August 11, 2022

Senators Warren and Luján Urge DOJ to Use its Full Suite of Tools, Including Suspension and Debarment Authority, Against Corporate Misconduct

“When companies repeatedly or brazenly commit misconduct, the Department has a duty to itself, other agencies, and the public to ensure the privilege of doing business with the government is not being abused.”

Text of Letter (PDF)

Washington D.C. – U.S. Senators Elizabeth Warren (D-Mass.) and Ben Ray Luján (D-N.M.) sent a letter to Attorney General Merrick Garland and Deputy Attorney General Lisa Monaco urging the Department of Justice (DOJ) to use its authority to ban corporations that commit misconduct from government contracting. 

Agencies like the DOJ have a significant but underutilized authority, known as suspension and debarment, which allows them to bar an individual or company from contracting with the government for a certain period of time. Entities can be debarred for a wide range of misconduct—even misconduct that falls outside a company’s contracting activities with the government. 

According to the lawmakers, the DOJ has historically failed to use this authority and therefore “allowed unscrupulous contractors to continue ripping off the government.” The lawmakers highlighted three examples of companies that engaged in massive fraud against the government but were not suspended or debarred, putting taxpayers at risk.

“We cannot allow these corporate entities to continue to engage in criminal misconduct and get by with a mere slap on the wrist,” said Senator Warren. “The Department of Justice can and should expand its use of these suspension and debarment authorities to protect the use of government resources and discourage recidivism by big business.” 

“No one is above the law. Corporate criminals must be held accountable, and it’s critical that the Justice Department utilizes its authority to ensure that no one can abuse public trust,” said Senator Luján. “Along with Senator Warren, I’m calling on the Justice Department to use its debarment power and put an end to corporations taking advantage of the government.”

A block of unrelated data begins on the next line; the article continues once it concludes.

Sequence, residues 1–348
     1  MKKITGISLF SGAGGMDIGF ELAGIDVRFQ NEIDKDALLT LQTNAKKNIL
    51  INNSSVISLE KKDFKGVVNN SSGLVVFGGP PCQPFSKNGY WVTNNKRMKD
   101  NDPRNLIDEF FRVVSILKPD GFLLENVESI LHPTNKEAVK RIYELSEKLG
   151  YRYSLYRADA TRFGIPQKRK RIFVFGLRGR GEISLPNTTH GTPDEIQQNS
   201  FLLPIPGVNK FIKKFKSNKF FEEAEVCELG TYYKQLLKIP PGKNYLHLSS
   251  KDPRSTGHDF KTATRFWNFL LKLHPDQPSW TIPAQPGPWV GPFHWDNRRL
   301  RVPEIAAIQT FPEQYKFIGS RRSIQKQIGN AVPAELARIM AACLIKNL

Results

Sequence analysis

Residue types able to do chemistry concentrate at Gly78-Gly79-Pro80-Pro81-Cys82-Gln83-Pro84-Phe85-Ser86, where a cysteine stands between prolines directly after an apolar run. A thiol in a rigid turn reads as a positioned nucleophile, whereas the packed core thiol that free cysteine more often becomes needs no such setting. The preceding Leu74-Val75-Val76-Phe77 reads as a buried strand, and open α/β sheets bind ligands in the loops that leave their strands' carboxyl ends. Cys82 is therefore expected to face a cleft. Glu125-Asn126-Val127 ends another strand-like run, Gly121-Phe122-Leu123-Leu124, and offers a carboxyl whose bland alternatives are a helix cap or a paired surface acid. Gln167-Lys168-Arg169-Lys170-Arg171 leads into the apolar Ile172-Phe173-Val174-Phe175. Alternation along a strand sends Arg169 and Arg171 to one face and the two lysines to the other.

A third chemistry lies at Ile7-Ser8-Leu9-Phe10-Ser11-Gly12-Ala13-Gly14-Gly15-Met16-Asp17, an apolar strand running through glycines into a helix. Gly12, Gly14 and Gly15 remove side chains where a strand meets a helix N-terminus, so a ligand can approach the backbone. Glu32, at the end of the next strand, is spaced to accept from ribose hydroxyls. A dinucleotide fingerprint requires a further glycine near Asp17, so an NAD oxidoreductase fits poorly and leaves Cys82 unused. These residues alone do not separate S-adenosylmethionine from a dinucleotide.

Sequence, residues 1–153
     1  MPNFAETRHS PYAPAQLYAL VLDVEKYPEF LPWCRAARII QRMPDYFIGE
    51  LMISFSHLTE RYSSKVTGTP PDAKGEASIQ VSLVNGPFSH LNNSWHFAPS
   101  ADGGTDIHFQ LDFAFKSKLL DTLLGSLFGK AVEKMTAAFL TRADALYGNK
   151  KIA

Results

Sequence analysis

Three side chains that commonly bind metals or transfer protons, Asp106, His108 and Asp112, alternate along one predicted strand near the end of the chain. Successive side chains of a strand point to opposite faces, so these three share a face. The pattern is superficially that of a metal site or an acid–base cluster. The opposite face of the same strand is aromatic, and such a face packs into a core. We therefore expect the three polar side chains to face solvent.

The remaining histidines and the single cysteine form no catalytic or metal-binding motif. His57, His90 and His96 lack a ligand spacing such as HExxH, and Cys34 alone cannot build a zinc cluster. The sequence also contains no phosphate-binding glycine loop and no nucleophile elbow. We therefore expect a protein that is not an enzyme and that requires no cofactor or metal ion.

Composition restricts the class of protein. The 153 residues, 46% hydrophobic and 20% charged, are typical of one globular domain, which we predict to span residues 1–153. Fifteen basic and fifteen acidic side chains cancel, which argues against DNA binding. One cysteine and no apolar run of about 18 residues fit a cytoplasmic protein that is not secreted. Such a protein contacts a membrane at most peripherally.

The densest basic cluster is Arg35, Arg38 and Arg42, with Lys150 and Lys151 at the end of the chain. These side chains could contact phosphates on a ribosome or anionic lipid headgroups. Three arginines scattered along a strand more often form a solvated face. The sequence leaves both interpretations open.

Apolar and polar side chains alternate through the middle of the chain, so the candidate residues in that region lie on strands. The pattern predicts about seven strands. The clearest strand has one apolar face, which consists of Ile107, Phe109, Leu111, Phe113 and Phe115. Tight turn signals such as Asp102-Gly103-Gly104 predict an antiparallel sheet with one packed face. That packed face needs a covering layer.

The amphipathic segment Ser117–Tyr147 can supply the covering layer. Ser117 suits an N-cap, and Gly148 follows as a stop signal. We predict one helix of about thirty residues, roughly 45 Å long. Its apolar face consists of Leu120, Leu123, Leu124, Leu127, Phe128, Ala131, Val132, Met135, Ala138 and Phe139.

To further deter corporations from committing misconduct, the lawmakers pushed the DOJ to expand its use of debarment in the following ways:

  • Use debarment authority for corporate entities, not just individuals. Historically, the DOJ has pursued debarment almost exclusively against individuals rather than corporate entities despite many cases showing that corporate misconduct is the product of extensive schemes, systematic lack of oversight, or corporate negligence. The DOJ should also aggressively use its authority to pursue debarment against companies. 
  • Use debarment government-wide. The DOJ’s authority to suspend and debar entities extends across any and all lines of government business—not just its own. Implementing this authority on a government-wide basis would signal to contractors that their misconduct will open them up to more than just criminal and civil punishment—regardless of which agency was most directly harmed.
  • Consider debarment for all corporate misconduct. Corporate misconduct in any context—whether the government was harmed or not—should inform whether the company has the business integrity the government expects of its contractors and subcontractors
  • Use suspension authority. While they are often considered together, suspension and debarment are distinct tools at the DOJ’s disposal. In many cases, suspension may be an appropriate action to take while an investigation is pending and can provide immediate protection to the government’s interests.

The lawmakers commended the DOJ for prioritizing corporate crime under the Biden Administration, but insisted that the DOJ should “use all the tools at its disposal and expand its use of the suspension and debarment authority.”

“The Department has a duty to go beyond just its prosecutorial activities to protect the government and its citizens from bad actors with a history of misconduct,” concluded the lawmakers. “Debarment is a powerful and underutilized tool to do so.”

Senator Warren has long advocated for greater accountability for corporate criminals. In 2019, Senator Warren reintroduced the Ending Too Big to Jail Act and introduced the Corporate Executive Accountability Act, legislation that would make executives of big corporations criminally liable if their companies commit crimes, harm large numbers of people through civil violations, or commit a new violation while under the supervision of the court or a regulator for a previous violation.